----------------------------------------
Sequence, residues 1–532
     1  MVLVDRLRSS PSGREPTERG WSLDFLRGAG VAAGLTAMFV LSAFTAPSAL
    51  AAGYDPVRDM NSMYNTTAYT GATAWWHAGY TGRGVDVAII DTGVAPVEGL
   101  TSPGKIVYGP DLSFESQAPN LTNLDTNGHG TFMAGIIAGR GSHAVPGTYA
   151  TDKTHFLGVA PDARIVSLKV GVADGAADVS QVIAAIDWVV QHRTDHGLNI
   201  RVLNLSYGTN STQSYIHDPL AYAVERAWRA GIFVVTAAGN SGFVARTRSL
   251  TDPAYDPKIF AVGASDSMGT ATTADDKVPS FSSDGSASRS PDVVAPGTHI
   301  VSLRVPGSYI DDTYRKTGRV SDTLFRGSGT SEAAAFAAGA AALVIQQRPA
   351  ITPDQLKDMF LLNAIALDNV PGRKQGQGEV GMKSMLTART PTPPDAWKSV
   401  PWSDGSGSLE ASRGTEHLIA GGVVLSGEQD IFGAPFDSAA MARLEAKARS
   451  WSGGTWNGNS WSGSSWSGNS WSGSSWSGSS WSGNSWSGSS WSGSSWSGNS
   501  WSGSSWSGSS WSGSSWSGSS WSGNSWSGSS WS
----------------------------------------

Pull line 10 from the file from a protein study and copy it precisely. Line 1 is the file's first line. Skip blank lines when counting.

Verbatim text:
   401  PWSDGSGSLE ASRGTEHLIA GGVVLSGEQD IFGAPFDSAA MARLEAKARS